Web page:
Last year Cray was inducted into the Blues Hall Of Fame alongside most of his childhood heroes, and as with all the great players he follows, there’s no ego here, just thoughtful words and a way with a story – the backbone of the blues. ‘In the early days it’s all about the guitar, and then after a while it’s about the groove, then as you get older it becomes more what the story is all about, and then how the story is delivered, who’s delivering it… those things come after a while,’ he offers. ‘Now when we write, the story is the most important thing.’
 
With Cray, the music colours the story rather than vice versa, but he never falls into the trap of allowing his music to relax into a rut. ‘What I like about this band is we get out of the 1-4-5 progressions and have different delivery systems for the stories,’ he explains. ‘We could do 1-4-5 for all the tunes. If you do that you better have a damn good story!’ 
 
Real life stories have provided the backdrop for many great blues standards, and Cray squeezes out every last drop of life experience on Nothin’ But Love.
 
‘Some of the songs on this new record didn’t really happen to me. They’re observational and maybe sometimes about somebody I know. There are some about the way the economy is going in the US and probably everywhere, about the housing prices and the bank screw-ups.  Then there’s one song called A Memo and it’s speaking to the public as if President Obama was speaking. It goes: ‘I’m gonna’ warn ya’ it ain’t over yet/Got you out the hot water but you’re still all wet/And if you don’t pay attention, you get what you deserve.’

Cray worked with bigwig blues producer Kevin ‘Caveman’ Shirley, a favourite of Provogue Records and the man behind many of Joe Bonamassa’s best releases. Shirley, it seems, squeezed the most out of the Robert Cray Band too. For him, Cray’s session was the ‘dirt under the fingernails.’ ‘We just got into it, you know,’ Cray laughs. ‘We just put our hard hats on and went to work. We knocked it out! There’s no BS-ing about! We go in and we cut ’em! When we did all the other records, even Strong Persuader, we cut them in a couple of weeks and then we went back out on the road.’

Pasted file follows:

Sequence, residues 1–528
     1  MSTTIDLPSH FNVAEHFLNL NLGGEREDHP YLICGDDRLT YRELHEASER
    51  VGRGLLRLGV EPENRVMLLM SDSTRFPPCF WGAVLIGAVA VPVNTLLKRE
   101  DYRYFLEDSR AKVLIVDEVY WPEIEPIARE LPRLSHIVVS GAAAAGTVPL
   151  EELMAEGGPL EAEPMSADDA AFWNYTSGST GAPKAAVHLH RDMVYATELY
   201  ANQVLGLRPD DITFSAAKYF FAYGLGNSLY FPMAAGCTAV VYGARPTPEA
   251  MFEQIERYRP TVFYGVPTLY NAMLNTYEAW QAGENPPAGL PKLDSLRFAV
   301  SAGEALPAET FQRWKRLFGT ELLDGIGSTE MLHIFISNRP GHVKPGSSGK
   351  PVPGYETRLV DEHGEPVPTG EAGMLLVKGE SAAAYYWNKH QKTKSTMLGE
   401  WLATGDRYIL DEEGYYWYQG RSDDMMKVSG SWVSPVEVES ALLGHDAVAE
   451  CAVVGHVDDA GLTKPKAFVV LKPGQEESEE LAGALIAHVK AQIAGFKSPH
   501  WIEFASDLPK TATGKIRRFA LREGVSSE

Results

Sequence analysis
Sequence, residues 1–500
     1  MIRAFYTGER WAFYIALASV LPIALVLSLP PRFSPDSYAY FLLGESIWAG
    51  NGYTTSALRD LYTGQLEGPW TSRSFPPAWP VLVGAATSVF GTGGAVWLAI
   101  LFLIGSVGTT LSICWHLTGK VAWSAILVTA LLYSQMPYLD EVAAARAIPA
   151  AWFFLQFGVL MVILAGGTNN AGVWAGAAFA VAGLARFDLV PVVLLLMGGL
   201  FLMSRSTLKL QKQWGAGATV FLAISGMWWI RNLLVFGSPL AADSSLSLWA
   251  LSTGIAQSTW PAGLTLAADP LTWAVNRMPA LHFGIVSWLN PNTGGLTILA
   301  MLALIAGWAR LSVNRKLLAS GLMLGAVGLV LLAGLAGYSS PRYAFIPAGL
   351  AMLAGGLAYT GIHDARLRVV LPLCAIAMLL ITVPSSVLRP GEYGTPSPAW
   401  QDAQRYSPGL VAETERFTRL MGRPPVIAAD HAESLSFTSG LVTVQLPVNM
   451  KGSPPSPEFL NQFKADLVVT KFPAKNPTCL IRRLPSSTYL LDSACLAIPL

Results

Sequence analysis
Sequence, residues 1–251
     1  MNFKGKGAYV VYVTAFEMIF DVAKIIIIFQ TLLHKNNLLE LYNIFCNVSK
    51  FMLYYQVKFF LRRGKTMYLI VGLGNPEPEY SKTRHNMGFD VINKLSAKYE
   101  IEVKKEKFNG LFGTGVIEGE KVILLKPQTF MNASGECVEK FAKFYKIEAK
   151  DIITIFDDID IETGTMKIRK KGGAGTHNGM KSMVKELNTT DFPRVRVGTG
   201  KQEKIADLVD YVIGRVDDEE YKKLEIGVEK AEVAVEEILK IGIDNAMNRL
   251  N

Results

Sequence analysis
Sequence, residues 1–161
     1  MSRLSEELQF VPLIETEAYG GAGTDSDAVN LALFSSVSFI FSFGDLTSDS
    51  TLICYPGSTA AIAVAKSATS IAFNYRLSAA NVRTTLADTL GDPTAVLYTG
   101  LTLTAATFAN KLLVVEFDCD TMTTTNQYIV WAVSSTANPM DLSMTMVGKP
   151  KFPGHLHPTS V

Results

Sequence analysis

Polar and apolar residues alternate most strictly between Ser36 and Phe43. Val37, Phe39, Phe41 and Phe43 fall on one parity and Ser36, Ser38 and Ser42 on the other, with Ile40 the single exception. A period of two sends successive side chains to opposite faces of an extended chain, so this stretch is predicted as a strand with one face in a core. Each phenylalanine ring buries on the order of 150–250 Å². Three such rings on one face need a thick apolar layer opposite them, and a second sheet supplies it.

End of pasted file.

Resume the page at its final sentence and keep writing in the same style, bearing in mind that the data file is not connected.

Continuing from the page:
For Nothin’ But Love, the whole band got in on the action. ‘Everyone wrote. I could tell the guys were writing their songs, and they were thinking of me, or they were thinking of what the Cray band music has been in the past. The first song is written by our bassist Richard Cousins and a good friend of his, Hendrix Ackle. They wrote A Memo, too. Our keyboard player Jim Pugh has a song on there that he and our drummer Tony Braunagel wrote called Worry and another slightly more jazzier song called I’ll Always Remember You. There’s a cover of Blues Get Off My Shoulder by Bobby Parker. The other five songs are written by myself.’
 
Sixteen albums in, and Nothin’ But Love still manages to keep his blues sound moving forward. 
‘To me my stuff sounds the same,’ Cray jokes. ‘Richard always reminds me, he says, “Cray! It’s not the same! It’s your style!’ I guess you just have to put yourself in that tune – that’s the whole thing… just be there for that tune.’ 
 
Although Cray’s idea of ‘big’ differs somewhat from ours, he has a limited number of guitars for your average star guitarist. ‘I don’t have a big collection. I probably have about 30 guitars,’ he says. ‘The Tele that I’m playing on the album is made by James Trussart. It’s one of the Steelcasters. I play that on occasion on certain songs, but it’s my signature Custom Shop Strat that I play with mostly.’